Feb. 27 (Bloomberg) -- Oil fell for the first time in eight days after the Group of 20 nations rebuffed calls from euro countries to increase lending resources, adding to concern that Europe’s debt crisis will slow the economy and reduce demand.
Prices dropped 1.1 percent as the G-20 said Europe needs to review its financial firewall before the group considers boosting the International Monetary Fund’s resources. IMF Managing Director Christine Lagarde warned the world economy is “not out of the danger zone” amid fragile financial systems and rising oil prices.
“We’ve got a range of fundamental factors that are bearish and Europe is in that category,” said Tim Evans, an energy analyst at Citi Futures Perspective in New York. “We had been rising sharply day after day and prices have reached a level where traders are afraid to buy more.”
Oil for April delivery fell $1.21 to settle at $108.56 a barrel on the New York Mercantile Exchange. The contract rose to a nine-month high on Feb. 24. Prices have increased 9.8 percent this year.
Brent oil for April settlement declined $1.30, or 1 percent, to $124.17 on the London-based ICE Futures Europe exchange. Both grades fell further in electronic trading after the settlements, with WTI down 2 percent and Brent down 1.7 percent.
“You have the IMF warning about the world economy and the worries about Europe are starting to re-emerge,” said Gene McGillian, an analyst and broker at Tradition Energy in Stamford, Connecticut. “The market went a little too far on the upside and it’s now pulling back a bit.”
The G-20 rebuffed German-led calls to help Europe fight its debt crisis, saying yesterday in Mexico City that any decision on outside aid hinges on the euro area delivering more financial firepower within two months.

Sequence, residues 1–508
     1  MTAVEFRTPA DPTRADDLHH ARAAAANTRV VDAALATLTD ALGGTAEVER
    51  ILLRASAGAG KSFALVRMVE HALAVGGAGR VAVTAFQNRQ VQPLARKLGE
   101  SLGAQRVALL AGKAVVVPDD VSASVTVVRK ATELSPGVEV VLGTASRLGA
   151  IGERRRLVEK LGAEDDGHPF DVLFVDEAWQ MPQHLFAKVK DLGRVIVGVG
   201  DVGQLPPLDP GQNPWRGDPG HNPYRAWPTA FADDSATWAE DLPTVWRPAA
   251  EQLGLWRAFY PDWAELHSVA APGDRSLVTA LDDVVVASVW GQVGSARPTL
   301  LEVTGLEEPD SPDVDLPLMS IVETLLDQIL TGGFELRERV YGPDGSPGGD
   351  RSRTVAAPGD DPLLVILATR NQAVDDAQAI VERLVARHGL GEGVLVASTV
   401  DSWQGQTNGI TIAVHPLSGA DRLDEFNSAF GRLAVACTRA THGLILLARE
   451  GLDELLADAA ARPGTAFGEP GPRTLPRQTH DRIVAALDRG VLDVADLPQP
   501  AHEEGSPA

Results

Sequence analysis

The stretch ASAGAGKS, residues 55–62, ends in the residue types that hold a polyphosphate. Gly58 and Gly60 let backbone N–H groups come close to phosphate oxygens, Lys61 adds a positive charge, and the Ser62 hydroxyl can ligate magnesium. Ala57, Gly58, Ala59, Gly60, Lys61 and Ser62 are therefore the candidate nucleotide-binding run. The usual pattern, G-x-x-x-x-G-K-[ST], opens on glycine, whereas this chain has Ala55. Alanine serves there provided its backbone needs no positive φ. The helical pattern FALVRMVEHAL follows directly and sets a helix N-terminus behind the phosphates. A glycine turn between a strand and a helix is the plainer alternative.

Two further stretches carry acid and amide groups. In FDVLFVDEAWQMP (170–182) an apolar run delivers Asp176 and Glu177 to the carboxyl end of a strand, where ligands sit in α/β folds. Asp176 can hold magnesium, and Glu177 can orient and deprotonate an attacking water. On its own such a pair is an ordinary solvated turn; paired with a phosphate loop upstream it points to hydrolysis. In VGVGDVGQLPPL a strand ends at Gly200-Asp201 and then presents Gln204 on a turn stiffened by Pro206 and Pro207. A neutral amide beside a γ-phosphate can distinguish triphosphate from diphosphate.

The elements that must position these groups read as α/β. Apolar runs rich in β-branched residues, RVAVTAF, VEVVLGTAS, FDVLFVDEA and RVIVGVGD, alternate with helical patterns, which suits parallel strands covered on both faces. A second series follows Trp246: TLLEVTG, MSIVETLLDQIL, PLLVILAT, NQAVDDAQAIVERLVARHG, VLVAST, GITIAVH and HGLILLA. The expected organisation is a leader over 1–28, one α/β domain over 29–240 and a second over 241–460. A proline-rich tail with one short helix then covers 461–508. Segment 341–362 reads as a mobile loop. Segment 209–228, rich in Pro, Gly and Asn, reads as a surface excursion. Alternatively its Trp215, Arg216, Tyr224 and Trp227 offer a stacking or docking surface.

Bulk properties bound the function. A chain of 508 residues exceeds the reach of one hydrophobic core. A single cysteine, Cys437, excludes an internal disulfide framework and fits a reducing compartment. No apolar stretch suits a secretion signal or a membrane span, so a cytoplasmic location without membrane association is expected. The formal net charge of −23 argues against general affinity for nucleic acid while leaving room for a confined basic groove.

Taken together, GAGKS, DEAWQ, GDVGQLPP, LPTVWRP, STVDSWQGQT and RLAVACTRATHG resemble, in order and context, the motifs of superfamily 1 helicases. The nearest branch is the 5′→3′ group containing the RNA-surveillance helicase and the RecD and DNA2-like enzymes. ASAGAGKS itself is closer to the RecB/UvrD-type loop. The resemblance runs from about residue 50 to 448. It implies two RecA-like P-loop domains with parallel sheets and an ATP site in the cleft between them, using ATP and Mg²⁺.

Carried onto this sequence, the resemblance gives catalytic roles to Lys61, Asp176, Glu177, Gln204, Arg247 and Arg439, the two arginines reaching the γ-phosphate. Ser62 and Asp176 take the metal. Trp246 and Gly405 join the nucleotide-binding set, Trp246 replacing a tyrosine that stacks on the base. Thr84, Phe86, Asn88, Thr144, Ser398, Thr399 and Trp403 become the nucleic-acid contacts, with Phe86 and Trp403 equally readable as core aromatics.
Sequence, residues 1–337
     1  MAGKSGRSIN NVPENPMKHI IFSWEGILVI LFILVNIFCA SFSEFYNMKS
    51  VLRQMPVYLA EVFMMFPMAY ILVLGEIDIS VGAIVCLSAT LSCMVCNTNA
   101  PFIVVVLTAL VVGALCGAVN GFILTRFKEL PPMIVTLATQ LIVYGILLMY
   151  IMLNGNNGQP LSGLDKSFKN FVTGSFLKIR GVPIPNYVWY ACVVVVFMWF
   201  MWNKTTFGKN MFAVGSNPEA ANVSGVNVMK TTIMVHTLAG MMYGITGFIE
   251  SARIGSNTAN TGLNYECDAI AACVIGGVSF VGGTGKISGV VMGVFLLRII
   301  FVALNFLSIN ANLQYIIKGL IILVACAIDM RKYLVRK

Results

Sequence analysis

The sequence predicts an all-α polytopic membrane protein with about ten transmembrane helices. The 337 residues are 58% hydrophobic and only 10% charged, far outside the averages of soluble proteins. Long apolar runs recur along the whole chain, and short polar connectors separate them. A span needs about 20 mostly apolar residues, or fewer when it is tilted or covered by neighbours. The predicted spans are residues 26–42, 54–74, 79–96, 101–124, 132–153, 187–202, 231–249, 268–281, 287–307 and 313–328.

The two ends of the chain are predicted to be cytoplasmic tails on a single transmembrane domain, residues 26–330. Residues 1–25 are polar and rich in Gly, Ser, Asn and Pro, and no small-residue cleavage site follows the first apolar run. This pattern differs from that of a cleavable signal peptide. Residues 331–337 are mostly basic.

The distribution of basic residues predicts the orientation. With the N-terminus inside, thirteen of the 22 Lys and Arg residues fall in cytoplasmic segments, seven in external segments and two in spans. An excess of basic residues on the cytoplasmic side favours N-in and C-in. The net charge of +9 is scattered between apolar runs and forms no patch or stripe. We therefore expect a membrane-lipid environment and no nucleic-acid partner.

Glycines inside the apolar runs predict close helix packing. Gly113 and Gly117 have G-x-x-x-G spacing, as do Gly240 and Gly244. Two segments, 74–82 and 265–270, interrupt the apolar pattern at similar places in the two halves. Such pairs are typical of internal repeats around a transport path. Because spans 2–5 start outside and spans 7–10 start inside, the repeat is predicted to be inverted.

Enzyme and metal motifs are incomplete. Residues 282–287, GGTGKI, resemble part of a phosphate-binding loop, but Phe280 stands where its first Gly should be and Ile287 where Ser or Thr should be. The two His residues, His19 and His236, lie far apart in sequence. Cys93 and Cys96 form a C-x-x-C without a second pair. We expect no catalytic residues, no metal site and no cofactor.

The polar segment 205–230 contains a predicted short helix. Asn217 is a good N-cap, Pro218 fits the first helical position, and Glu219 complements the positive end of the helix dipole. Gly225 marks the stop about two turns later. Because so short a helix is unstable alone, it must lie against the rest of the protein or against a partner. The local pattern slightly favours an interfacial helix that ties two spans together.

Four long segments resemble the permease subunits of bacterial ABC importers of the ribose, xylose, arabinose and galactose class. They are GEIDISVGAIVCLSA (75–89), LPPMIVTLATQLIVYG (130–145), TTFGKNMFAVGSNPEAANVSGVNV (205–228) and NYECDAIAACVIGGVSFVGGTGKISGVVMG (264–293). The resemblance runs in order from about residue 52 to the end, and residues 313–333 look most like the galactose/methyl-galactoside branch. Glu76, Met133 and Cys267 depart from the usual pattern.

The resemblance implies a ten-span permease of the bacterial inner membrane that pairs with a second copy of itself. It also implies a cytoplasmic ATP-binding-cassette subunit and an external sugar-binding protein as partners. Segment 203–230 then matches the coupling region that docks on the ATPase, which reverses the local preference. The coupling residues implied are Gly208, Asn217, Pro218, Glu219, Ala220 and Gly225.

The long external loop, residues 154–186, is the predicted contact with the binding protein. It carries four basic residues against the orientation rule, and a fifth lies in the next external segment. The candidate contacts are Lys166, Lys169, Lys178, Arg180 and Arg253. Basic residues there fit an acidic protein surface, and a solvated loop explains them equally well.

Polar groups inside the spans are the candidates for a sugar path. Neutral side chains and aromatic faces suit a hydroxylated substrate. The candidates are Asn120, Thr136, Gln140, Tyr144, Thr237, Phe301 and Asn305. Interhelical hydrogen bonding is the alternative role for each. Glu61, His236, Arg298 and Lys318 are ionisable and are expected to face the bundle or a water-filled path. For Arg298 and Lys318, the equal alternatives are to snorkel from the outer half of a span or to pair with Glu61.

Lagarde said that G-20 countries “must now strengthen resilience to further shocks that could result from still fragile financial systems, high public and private debt, and higher world oil prices.”
U.S. oil demand was 18.1 million barrels a day in the four weeks ended Feb. 17, according to the Energy Department, a 14-year low and 17 percent below the record set in 2007. The International Energy Agency on Feb. 10 cut its 2012 global oil demand forecast for a sixth month.
Crude also slipped after the 14-day relative strength index for front-month contracts climbed to 76.9 on Feb. 24, according to data compiled by Bloomberg. A reading above 70 indicates futures have risen too quickly and further gains aren’t sustainable. Today’s 14-day RSI dropped below 71.
“Technical indicators, the RSI for example, are pointing to a little bit overbought,” said Rich Ilczyszyn, chief market strategist and founder of Iitrader.com in Chicago.
Nymex-traded West Texas Intermediate’s discount to Brent crude narrowed for a third day as Calgary-based TransCanada said it will build a $2.3 billion stand-alone pipeline from the oil storage hub at Cushing, Oklahoma, to the Gulf Coast that may be in operation by mid-2013.
The segment will help to relieve oversupply in the U.S. Midwest. Cushing is the delivery point for Nymex oil futures. A lack of pipeline capacity between Cushing and the Gulf Coast, where most refineries are located, has caused U.S. oil to trade at a discount to imports.
The Keystone XL project, which would expand the amount of oil that can be shipped from Canada and extend the system to Texas refineries, was rejected by the Obama administration in January. The planned segment from Cushing to Port Arthur, Texas, wouldn’t require State Department approval.
“This is raising hopes that the bottleneck from Cushing to the Gulf Coast is coming to an end,” said Phil Flynn, an analyst at PFGBest in Chicago.
WTI’s discount to Brent narrowed 9 cents to $15.61 a barrel. The spread was $19.02 on Feb. 6. It reached $28.08 in intraday trading on Oct. 14 amid a glut of crude in the central U.S. that pushed crude inventories at Cushing as high as 41.9 million barrels last year.
Hedge funds and other large speculators raised wagers on rising prices in futures and options combined by 11 percent to 259,162 in the week ended Feb. 21, according to the Commodity Futures Trading Commission’s Commitments of Traders report. Bets increased 26 percent over two weeks, the biggest gain since March.
Electronic trading volume on the Nymex was 621,630 contracts as of 3:27 p.m. in New York. Volume totaled 798,279 contracts on Feb. 24.
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